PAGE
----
merger and equisition


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merger and equisition

  1. 1. MERGER AND ACQUISITION Presented By: Muhammad Shuaib Khan Muhammad Shafiq Ur Rehaman MBA-6
  2. 2. Merger Fundamentals • Corporate restructuring: Includes the activities involving expansion or contraction of a firm’s operations or changes in its asset or financial (ownership) structure. • Consolidation: Is the combination of two or more firms to form a completely new corporation
  3. 3. Merger Fundamentals • Holding company: is a corporation that has voting control of one or more other corporations. • Subsidiaries: Are the companies controlled by a holding company. • Acquiring company: is the firm in a merger transaction that attempts to acquire another firm.
  4. 4. Merger Fundamentals • Friendly merger: Is a merger transaction endorsed by the target firm’s management (board of directors), approved by its stockholders, and easily consummated. • Hostile merger: Is a merger not supported by the target firm’s management, forcing the acquiring company to gain control of the firm by buying shares in the marketplace.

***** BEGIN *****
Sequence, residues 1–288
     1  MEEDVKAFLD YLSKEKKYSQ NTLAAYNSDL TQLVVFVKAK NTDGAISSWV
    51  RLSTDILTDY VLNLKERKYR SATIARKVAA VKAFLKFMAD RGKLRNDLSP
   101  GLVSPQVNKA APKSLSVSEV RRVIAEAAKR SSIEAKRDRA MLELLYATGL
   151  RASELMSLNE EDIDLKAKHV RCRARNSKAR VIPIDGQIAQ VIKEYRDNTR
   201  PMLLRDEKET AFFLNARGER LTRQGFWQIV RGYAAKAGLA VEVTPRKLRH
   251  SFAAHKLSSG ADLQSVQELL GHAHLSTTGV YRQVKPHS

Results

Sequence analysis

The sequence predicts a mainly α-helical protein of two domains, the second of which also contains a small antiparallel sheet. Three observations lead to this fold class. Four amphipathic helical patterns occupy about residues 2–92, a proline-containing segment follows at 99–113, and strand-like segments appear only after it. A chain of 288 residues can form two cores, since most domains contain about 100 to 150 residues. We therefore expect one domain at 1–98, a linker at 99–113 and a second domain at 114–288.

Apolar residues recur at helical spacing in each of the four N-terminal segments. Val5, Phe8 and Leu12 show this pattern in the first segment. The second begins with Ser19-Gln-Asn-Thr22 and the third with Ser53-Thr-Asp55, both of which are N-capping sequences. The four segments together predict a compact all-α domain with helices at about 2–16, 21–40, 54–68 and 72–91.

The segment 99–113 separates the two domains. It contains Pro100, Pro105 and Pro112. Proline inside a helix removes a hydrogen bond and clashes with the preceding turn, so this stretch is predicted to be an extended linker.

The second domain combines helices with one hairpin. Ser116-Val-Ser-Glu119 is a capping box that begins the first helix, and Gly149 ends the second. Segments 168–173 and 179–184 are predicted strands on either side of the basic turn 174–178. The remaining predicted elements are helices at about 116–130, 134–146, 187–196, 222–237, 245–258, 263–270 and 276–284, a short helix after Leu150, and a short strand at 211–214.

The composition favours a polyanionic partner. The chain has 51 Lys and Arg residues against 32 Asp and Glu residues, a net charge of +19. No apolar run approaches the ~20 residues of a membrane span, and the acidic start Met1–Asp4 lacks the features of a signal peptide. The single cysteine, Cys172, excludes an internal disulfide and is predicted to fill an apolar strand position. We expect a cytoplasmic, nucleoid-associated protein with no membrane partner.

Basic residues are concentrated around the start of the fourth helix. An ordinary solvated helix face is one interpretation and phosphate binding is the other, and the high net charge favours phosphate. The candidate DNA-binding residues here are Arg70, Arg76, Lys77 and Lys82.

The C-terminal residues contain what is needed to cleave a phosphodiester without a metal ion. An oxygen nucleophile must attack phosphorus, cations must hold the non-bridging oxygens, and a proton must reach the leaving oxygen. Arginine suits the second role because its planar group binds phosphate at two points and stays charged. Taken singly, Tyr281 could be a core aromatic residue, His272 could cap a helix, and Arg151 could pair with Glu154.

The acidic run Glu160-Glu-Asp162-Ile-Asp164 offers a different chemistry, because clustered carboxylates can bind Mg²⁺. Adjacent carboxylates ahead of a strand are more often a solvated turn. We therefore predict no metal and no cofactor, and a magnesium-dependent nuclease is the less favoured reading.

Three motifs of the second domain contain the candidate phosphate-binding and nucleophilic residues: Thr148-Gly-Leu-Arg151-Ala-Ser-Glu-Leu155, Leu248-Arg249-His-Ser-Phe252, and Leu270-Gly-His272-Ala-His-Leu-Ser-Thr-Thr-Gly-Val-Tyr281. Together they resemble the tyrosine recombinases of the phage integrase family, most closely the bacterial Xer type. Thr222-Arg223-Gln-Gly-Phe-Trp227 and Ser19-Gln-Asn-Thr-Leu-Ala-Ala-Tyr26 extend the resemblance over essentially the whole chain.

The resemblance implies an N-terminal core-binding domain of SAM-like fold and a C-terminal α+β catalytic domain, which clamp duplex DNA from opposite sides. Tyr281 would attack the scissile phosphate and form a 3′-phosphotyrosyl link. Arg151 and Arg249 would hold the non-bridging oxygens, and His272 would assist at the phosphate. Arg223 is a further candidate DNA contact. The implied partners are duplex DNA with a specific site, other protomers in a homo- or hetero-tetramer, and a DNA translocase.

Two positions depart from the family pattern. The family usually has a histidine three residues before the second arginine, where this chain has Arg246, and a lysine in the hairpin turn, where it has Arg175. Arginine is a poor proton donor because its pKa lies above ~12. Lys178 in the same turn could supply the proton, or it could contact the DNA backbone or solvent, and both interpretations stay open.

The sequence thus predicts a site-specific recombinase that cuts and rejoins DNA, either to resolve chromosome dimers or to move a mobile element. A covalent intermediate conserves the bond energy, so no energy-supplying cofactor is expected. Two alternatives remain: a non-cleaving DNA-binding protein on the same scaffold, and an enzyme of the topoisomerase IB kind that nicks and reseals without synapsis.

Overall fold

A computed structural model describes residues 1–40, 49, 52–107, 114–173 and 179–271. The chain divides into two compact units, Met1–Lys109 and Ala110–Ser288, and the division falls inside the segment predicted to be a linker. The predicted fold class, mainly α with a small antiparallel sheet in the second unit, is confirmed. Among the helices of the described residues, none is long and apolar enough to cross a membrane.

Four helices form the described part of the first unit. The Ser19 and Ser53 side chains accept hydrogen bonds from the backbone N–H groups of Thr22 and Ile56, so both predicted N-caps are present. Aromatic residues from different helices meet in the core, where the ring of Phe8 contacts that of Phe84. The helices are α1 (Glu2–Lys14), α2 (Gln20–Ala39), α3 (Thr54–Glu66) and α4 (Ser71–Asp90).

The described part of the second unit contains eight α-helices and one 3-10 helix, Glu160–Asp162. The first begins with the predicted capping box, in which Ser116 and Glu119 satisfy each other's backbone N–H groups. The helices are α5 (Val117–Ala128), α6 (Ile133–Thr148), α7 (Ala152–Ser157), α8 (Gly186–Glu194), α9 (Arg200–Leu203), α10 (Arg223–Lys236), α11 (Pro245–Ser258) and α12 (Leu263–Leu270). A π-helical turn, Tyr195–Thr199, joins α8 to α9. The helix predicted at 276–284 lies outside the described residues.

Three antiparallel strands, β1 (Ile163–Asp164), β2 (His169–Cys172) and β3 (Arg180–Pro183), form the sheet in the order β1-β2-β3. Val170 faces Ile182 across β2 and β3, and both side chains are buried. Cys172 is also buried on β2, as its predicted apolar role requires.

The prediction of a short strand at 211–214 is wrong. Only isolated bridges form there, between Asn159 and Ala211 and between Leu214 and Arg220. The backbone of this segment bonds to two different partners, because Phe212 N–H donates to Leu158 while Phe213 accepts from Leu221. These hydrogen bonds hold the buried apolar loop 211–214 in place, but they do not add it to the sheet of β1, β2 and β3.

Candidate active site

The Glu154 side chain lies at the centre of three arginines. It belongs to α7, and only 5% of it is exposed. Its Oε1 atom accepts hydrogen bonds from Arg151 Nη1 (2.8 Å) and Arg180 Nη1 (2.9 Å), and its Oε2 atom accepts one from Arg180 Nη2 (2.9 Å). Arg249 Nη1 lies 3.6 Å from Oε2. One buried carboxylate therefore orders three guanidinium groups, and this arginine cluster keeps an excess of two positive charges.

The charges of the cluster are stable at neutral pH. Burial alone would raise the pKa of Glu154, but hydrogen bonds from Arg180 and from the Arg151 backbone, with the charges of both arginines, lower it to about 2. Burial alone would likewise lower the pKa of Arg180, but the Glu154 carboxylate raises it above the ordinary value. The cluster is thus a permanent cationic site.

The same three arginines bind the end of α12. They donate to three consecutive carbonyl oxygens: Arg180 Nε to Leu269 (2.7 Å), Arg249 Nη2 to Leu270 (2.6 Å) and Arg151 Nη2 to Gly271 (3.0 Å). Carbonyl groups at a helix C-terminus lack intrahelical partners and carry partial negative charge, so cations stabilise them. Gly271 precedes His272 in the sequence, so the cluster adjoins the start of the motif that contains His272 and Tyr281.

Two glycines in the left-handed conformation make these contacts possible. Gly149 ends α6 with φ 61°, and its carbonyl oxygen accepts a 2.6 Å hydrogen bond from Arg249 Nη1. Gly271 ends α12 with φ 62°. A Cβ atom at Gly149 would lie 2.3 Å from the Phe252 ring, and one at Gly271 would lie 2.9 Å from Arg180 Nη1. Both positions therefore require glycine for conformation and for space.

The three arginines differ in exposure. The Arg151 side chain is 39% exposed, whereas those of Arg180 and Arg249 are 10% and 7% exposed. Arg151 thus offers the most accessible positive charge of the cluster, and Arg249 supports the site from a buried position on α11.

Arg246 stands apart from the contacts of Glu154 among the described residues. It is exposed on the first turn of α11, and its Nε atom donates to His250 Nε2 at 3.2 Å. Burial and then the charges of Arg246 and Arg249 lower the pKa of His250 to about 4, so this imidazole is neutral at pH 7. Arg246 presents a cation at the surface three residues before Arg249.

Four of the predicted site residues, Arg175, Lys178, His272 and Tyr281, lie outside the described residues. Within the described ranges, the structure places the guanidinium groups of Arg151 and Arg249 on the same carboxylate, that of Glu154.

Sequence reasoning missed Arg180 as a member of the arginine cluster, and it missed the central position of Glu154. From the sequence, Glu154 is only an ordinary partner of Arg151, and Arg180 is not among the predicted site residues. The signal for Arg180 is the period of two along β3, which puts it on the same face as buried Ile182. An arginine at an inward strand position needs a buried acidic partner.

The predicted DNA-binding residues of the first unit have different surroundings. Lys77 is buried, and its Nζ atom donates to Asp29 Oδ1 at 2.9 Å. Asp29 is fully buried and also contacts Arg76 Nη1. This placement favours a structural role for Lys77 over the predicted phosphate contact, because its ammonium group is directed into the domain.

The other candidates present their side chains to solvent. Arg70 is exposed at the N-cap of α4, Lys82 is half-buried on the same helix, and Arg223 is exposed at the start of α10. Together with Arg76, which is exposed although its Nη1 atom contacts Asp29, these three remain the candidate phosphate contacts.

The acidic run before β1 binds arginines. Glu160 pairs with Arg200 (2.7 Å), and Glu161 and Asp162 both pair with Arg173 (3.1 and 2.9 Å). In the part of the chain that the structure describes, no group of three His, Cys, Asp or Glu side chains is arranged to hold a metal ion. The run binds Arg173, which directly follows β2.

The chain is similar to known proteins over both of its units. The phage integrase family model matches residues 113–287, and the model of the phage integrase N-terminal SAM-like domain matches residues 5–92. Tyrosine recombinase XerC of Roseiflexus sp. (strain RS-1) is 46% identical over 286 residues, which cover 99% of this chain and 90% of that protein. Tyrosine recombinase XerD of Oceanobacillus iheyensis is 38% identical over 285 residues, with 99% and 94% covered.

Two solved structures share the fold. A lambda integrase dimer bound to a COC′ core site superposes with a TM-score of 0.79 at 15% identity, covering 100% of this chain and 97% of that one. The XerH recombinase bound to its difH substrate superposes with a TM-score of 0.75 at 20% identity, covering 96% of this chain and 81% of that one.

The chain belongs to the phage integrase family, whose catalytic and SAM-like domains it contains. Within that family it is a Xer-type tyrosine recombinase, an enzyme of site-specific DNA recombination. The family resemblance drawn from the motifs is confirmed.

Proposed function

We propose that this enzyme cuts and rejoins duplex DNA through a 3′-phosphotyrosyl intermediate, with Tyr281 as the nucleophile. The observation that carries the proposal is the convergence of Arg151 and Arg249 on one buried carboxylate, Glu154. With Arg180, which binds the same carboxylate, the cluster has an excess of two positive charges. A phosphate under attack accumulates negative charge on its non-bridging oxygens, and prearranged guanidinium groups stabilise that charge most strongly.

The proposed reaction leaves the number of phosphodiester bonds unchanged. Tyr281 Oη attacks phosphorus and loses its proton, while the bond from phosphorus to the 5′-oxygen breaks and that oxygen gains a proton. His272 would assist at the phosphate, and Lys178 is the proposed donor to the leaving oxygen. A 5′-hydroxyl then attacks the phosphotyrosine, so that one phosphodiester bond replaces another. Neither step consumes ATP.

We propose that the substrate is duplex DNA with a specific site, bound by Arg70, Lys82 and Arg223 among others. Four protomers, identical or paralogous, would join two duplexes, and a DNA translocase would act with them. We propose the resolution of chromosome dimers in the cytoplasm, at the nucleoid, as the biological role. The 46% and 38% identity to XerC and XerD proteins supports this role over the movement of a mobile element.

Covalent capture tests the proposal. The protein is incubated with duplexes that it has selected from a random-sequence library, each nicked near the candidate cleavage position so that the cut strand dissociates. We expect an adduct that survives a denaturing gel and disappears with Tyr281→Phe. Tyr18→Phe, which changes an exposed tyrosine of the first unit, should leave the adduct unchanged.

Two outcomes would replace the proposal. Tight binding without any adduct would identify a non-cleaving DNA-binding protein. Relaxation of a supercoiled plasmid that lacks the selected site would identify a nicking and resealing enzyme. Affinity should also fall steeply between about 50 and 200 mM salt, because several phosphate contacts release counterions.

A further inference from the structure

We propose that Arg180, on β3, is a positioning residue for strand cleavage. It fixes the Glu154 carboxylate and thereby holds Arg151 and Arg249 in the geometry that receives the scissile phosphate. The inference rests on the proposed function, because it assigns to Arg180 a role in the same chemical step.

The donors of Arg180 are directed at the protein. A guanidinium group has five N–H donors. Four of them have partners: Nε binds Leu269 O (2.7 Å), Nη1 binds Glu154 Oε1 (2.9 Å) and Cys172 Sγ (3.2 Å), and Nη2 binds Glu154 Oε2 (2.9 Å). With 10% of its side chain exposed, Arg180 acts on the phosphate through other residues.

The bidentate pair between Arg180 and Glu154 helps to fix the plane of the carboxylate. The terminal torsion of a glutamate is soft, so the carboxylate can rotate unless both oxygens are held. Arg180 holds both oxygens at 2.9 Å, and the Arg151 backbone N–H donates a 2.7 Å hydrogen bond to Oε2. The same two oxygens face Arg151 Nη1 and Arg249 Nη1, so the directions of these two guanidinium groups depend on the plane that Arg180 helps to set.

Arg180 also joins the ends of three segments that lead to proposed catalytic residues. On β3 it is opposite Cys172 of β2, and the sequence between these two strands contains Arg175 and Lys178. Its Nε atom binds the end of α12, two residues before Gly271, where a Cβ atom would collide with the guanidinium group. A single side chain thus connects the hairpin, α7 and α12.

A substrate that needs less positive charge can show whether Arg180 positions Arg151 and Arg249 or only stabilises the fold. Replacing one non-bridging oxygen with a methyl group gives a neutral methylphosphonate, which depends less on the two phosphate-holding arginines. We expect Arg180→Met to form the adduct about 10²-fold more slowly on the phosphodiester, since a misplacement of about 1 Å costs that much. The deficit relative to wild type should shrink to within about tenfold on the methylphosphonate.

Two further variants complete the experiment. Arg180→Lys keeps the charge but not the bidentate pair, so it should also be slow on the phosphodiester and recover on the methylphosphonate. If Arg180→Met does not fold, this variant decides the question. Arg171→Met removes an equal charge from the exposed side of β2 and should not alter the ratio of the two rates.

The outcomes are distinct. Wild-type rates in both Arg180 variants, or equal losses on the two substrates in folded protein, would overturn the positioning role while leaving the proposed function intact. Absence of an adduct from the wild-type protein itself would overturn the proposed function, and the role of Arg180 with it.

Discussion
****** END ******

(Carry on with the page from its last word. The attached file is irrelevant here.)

5. 5. Mergers and Acquisitions  Merger:  Is where two companies come together to combine and share resources to achieve a common objectives.  Under merger the combining firms remain  Joint owners  New company is created 6
  6. 6. Mergers and Acquisitions  Acquisition:  One firm purchase the assets of another, with the acquired firm ceasing to be the owners of that firm. Often it is the larger company which acquires a smaller one 7
  7. 7. Types of M & A  Horizontal merger :  Two companies engaged in similar activities are combined  A merger between Coca-Cola and the Pepsi beverage division, for example, would be horizontal in nature. The goal of a horizontal merger is to create a new, larger organization with more market share. Because the merging companies' business operations may be very similar, there may be opportunities to join certain operations, such as manufacturing, and reduce costs. 8